CIP Cleaning: Fewer Resources – Greater Efficiency

Hygienic sensors for a reliable and efficient cleaning process

In food manufacturing, cleaning-in-place (CIP) systems are a standard component for ensuring reliable and efficient adherence to quality standards. The requirements placed on sensors used for process control are particularly high in the dairy industry. Anderson-Negele offers tailored solution for optimising the CIP process using turbidity and conductivity sensors.

The conventional CIP process

The CIP cleaning process consists of numerous interlinked steps. Plant operators need to take into account more than just the downtime of the system. Costs also arise from the consumption of water, chemicals and energy, as well as product loss. The sequence of the individual cleaning cycles is often still time-controlled. These fixed cleaning intervals may guarantee that the system is always cleaned properly, but more water, cleaning solution and time may be consumed than would actually be necessary for the medium being processed.

The solution is to automate control of the CIP system using turbidity and conductivity sensors.


Lowering water consumption – using chemicals efficiently

The average water consumption – depending on the product – is 1.5 to 3 litres per processed litre of milk. Half of this water is used for cleaning the system. A disadvantage of cleaning processes with fixed time intervals is that the maximum required cleaning duration must be used for each cleaning cycle. For example, the removal time for pasty media is considerably longer than for less viscous products. Therefore, when performing CIP cleaning after producing media with less viscosity, more water is used than necessary. This can be remedied through automated process control using the turbidity and conductivity sensors from Anderson-Negele. Water consumption at a large Canadian ice cream manufacturer was lowered from an average of 6,500 to 2,500 litres per cleaning cycle simply by deploying an intelligent phase detection system. The result was savings in water and wastewater costs. In addition, shorter cleaning cycles led to a lower consumption of acids and bases. The use of chemicals can be precisely controlled by measuring their concentrations using the ILM conductivity sensor, allowing their consumption to be further optimised.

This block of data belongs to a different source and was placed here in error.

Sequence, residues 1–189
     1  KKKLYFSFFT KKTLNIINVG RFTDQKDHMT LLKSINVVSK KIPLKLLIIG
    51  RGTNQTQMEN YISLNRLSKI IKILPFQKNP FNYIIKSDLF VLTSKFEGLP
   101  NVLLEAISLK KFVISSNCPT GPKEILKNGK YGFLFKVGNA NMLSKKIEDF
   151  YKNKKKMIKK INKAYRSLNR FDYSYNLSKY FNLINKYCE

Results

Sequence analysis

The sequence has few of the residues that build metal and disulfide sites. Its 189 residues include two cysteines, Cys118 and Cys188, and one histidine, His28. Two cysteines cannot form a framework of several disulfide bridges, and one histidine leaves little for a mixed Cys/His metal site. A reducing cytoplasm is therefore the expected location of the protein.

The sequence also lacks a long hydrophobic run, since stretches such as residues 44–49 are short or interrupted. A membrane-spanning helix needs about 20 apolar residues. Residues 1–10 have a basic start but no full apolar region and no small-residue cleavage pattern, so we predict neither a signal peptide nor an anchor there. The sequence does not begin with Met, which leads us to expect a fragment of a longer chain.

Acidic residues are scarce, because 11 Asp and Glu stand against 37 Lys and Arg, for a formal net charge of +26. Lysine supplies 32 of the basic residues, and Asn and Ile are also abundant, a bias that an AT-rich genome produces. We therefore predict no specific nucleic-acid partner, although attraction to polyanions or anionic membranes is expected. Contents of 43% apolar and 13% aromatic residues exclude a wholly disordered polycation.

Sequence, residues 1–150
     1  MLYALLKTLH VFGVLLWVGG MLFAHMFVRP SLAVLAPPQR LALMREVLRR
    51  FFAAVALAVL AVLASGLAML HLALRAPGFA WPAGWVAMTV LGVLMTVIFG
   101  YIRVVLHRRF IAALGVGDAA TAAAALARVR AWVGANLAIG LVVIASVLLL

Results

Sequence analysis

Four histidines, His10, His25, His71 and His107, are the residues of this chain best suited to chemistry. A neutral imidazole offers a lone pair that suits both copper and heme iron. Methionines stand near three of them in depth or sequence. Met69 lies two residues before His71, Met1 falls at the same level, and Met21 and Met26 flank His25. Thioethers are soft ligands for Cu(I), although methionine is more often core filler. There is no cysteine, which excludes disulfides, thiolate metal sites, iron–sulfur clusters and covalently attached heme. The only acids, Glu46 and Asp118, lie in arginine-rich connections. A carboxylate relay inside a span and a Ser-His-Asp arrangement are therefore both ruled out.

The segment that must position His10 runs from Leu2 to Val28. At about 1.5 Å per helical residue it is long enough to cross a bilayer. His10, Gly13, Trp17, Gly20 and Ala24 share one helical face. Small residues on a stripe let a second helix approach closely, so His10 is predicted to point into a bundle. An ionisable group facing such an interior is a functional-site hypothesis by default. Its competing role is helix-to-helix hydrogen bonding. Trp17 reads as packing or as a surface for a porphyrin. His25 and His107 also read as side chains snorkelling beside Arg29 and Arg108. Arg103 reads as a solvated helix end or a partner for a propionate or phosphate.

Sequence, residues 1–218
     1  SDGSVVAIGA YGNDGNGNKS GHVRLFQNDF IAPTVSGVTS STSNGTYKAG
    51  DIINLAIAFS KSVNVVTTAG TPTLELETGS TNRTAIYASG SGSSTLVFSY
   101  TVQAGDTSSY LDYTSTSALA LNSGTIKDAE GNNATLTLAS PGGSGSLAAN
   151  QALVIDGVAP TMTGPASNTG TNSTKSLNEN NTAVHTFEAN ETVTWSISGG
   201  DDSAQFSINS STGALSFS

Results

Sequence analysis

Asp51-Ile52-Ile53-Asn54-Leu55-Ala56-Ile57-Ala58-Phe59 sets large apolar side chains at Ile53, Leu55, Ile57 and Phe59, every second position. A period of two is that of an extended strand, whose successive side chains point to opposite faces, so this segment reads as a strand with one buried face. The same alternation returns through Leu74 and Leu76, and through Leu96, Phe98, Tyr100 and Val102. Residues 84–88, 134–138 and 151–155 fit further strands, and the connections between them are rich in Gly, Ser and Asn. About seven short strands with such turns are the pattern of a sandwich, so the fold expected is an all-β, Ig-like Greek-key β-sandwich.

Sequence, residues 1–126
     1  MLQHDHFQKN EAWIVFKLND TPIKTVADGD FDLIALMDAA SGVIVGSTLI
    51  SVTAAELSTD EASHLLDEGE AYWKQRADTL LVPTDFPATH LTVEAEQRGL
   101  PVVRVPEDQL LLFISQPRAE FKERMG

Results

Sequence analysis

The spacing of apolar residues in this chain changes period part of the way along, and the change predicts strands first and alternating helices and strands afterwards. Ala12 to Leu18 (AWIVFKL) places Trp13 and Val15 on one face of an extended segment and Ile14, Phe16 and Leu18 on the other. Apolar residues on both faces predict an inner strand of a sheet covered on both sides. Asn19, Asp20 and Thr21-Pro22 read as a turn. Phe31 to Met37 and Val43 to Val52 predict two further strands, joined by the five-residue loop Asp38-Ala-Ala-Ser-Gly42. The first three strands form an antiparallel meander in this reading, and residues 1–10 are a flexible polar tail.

Minimising product losses

Experience has shown that production-related losses in milk reach 0.5% in large dairies and 2.5% in small operations. It is particularly the plants with low levels of automation that experience significant losses in product. The precise and rapid detection of water-to-milk phases using the ITM-3 turbidity sensor leads to reductions in product losses of 5–10% in customer field projects.

Cleaning = downtime

A CIP cleaning process usually takes 60–90 minutes. A hygienic design of the entire system is therefore an important contributor to shortening the cleaning cycles and increasing the efficiency and productivity of the process. As a specialist for sensor systems in hygienic processes, we produce sensors and process connections that are optimally designed for the demanding requirements of the dairy industry and that ensure reliable and efficient cleaning of the system

You, too, can reduce the consumption of water and chemicals in your plant and keep product loss and downtime to a minimum.

See how Nestle in Canada did…

Nestle Canada – Case Study – Turbidity Meters for CIP in ice cream production


Discuss your requirements with ITS or take a look at our range of CIP controls on: Product Page

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